“We’re trying to bolster our cyber security, but we’re not sure exactly what we should be looking for. What kind of experience and qualifications should we expect or require?”
That depends on quite a few factors, but there are other factors you should be considering too. Here are some of the things you should ask yourself, and some of the things you should consider, when you’re hiring for your cyber security team.
Consider The Urgency
Even if you’ve not hired for cyber security roles before, you’ll probably be aware that it’s an especially tough hiring environment.
Most sectors are affected by the ‘Great Resignation’ and cyber security is probably feeling the effects more than any. An increase in cyber attacks, stress, and long working hours are driving cyber security professionals out of the sector. Hiring teams are facing an uphill struggle in securing the talent they need — workers are leaving cyber security in great numbers, and there’s intense competition between employers and the remaining talent pool. The UK’s Department for Culture, Media and Sport (DCMS) expects that industry-wide, cyber security will be short of around 14,000 workers every year.
That’s important to remember in any case, but if you’re in urgent need of cyber security hires, you might have to limit your requirements — it’s a daunting challenge to find any talent quickly, but if you put extra parameters on your search, you’ll seriously hamper your progress. That’s where a sector expert is invaluable — they can help you to understand which qualities are essential in your hires, and which you can cope without.
Consider The Seniority
Are you looking for leaders, managers, or team members? Each has specific qualities, beyond qualifications and experience.
If you need heads of department or C-suite talent, like a Chief Information Security Officer (CISO), you need a combination of qualities that’s quite rare — not only do they need to have cyber security expertise and a thorough grasp of the sector’s developments, they also need to be commercial leaders. That means they will hold a sense of authority among security-focused employees, easily communicate to non-experts the importance of cyber security, and be able to do both in a business context, where security cannot come at the expense of agility or dynamism.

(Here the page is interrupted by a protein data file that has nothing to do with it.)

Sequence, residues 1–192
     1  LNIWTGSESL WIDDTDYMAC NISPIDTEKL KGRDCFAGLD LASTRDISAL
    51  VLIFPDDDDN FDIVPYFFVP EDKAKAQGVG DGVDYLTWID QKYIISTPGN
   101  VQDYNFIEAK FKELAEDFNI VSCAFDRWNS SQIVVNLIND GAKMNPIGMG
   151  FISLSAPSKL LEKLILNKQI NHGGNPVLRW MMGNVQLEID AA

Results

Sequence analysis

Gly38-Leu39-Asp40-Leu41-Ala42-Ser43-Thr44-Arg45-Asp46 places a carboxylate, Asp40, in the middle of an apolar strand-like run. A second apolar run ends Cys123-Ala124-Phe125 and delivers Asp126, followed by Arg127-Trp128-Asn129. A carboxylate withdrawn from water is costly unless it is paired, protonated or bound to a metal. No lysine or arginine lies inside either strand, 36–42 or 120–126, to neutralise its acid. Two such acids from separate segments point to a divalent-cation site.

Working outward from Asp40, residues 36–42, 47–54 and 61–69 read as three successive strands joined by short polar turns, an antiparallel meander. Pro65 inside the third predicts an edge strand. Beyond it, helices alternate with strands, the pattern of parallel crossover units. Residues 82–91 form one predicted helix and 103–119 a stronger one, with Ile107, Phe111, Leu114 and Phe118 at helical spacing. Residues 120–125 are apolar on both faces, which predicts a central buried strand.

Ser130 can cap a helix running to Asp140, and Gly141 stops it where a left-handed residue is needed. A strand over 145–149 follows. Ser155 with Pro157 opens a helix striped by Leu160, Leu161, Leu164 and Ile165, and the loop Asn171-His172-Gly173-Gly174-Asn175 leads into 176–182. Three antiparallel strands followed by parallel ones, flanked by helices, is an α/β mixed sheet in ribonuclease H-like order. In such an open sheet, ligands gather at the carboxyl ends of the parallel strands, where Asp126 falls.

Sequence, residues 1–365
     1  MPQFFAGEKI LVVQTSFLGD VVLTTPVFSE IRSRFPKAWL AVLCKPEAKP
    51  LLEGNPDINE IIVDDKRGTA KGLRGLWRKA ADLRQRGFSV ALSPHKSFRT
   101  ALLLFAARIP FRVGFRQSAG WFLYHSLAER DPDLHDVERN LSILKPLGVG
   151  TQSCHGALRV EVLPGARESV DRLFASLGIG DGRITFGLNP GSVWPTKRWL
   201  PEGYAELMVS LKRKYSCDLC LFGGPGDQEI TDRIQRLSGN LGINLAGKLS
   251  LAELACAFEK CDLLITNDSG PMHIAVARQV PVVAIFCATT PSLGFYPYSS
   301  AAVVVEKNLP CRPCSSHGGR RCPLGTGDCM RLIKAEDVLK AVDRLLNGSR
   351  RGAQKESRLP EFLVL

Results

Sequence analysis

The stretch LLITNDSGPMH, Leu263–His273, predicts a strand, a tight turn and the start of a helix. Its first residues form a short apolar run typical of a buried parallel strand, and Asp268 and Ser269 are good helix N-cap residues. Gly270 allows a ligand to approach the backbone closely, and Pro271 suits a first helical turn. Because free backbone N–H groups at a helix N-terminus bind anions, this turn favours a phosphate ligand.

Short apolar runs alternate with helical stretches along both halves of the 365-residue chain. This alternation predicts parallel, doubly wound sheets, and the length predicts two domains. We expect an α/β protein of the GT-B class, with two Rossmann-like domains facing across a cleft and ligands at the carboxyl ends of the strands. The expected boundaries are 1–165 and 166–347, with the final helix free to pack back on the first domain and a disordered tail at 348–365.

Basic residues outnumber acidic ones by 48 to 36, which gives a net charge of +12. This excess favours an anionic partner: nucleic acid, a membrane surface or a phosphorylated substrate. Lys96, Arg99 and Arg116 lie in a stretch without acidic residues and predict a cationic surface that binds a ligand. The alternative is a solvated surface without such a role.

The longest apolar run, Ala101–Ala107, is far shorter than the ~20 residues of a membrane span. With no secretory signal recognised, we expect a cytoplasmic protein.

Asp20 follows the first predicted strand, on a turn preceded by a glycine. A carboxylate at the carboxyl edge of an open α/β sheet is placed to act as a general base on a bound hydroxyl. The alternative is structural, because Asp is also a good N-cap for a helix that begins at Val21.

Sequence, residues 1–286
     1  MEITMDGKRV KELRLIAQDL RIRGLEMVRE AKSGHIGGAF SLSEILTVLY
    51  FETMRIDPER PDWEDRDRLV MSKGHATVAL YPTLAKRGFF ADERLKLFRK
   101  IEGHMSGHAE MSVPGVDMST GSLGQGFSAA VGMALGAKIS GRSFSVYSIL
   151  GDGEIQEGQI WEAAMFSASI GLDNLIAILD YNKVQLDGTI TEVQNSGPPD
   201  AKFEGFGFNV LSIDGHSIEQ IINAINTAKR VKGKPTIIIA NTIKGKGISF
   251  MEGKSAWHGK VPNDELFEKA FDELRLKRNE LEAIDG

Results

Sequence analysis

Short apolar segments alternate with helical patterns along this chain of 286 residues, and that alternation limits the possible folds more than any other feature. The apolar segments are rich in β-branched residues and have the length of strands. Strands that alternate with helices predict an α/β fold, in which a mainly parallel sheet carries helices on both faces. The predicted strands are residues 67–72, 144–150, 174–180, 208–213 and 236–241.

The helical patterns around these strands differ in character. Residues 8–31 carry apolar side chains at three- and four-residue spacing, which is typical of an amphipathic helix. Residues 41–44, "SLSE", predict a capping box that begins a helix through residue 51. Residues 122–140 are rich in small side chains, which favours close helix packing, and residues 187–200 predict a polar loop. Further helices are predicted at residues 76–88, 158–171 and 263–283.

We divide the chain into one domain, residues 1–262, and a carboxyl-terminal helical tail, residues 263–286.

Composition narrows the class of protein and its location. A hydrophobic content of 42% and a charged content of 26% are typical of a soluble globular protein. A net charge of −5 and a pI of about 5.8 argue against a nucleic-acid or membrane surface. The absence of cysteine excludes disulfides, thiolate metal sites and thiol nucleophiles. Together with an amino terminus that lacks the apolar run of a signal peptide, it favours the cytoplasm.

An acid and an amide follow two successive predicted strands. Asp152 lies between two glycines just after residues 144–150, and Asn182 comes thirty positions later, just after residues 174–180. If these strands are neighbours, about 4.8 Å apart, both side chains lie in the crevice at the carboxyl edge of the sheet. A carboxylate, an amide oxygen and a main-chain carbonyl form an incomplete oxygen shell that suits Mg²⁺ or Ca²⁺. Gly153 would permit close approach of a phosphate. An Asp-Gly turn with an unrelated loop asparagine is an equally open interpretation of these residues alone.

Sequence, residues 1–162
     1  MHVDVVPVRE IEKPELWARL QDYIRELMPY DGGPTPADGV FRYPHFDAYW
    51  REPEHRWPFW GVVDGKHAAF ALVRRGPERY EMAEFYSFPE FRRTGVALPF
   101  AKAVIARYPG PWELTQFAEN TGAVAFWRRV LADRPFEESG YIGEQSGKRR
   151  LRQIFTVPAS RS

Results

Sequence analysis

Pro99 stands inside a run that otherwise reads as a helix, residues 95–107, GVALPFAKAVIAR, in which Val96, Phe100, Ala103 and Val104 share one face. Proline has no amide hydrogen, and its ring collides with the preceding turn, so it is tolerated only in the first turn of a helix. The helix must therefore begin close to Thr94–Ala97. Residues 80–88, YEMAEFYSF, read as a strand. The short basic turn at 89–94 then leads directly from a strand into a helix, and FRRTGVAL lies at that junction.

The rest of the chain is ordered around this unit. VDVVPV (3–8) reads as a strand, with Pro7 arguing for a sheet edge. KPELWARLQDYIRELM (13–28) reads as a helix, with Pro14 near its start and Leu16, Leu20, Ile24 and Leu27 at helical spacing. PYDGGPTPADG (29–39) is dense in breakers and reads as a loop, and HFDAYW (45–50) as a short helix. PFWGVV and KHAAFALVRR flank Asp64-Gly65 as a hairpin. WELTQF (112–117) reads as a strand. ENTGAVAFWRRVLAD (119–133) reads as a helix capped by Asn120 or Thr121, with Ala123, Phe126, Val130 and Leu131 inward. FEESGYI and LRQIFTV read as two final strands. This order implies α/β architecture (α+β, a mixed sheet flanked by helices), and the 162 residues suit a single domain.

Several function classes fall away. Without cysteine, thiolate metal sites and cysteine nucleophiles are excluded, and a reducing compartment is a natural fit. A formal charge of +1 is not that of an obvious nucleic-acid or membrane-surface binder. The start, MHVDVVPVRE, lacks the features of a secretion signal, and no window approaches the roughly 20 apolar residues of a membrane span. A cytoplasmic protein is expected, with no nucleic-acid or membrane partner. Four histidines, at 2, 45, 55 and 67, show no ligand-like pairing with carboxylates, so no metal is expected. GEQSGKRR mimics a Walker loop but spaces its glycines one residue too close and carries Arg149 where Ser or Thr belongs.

When hiring ‘frontline’ cyber security workers, the qualities that most teams need, apart from essential cyber security knowledge, are communication and collaboration. They will allow the security experts to understand and respond to feedback from colleagues without cyber security backgrounds, and from each other.
If cyber security teams operate completely separately from the rest of the company, then it can have catastrophic consequences:
a) they won’t know if security architecture is hindering the business from a commercial point of view
b) they won’t hear or understand if security measures are frustrating colleagues, and that frustration could lead to apathy or even hostility towards cyber security, which means less engagement with security processes, and likely more breaches
Consider The Qualifications
There is a very long list of available cyber qualifications, and below are a few to consider.
First, it’s worth saying that you may not need any of them. If you’re hiring for entry-level roles, your talent pool won’t be heavily credentialled, and will expect training — courses are expensive for an individual and many new professionals learn on the job at the expense of their employer.
Even for more senior roles, an out-of-the-box approach to hiring could broaden the search and yield some excellent results. There will be talent out there whose qualities are perfect and whose skills are transferrable, and who, with a little training, would make superb cyber security leaders. Those might include managers, departmental heads, and C-level executives with a general IT background, or even without it — the skills of management and leadership take years to develop and hone, but initial cyber security qualifications are relatively quick to earn.
With that in mind, here are some qualifications you could ask for when advertising your vacancies.
A beginner qualification that a newer professional might attain, or that an experienced job seeker might take when making a career move into cyber security.
An internationally recognised qualification in the core skills of cyber security.
CEH — Certified Ethical Hacker
Ethical (or white hat) hackers expose weaknesses in cyber security by ‘attacking’ it just as a malicious (or black hat) hacker would. CEH is a widely recognised international qualification in ethical hacking.
CISSP— Certified Information Systems Security Professional
A high-level qualification for experienced and senior professionals like a CIO, a CISO, or a Security Manager. Demand for those who hold a CISSP qualification is enormous.
Consider your offering
While the question of what you should be looking for is a vital one, have you asked yourself what cyber security talent is looking for in their next role?
When security professionals have their pick of employers to work for, knowing what qualities and qualifications you require is not enough — you might find the talent, but you won’t necessarily attract or retain it. Think about what professionals are looking for in their next move, and you’ll be far better placed to secure the talent you need.
RPI has a wide talent pool of cyber security experts, and we speak to them every day — we hear exactly what motivates and inspires them, what attracts them to roles, and what keeps them with their current employers.
Our deep sector knowledge means we’re perfectly positioned to advise organisations on what they should be looking for in their cyber security hires, and to place those skills into your business.
To find the talent you need, and to make your business the most attractive place for them to work, email email@example.com.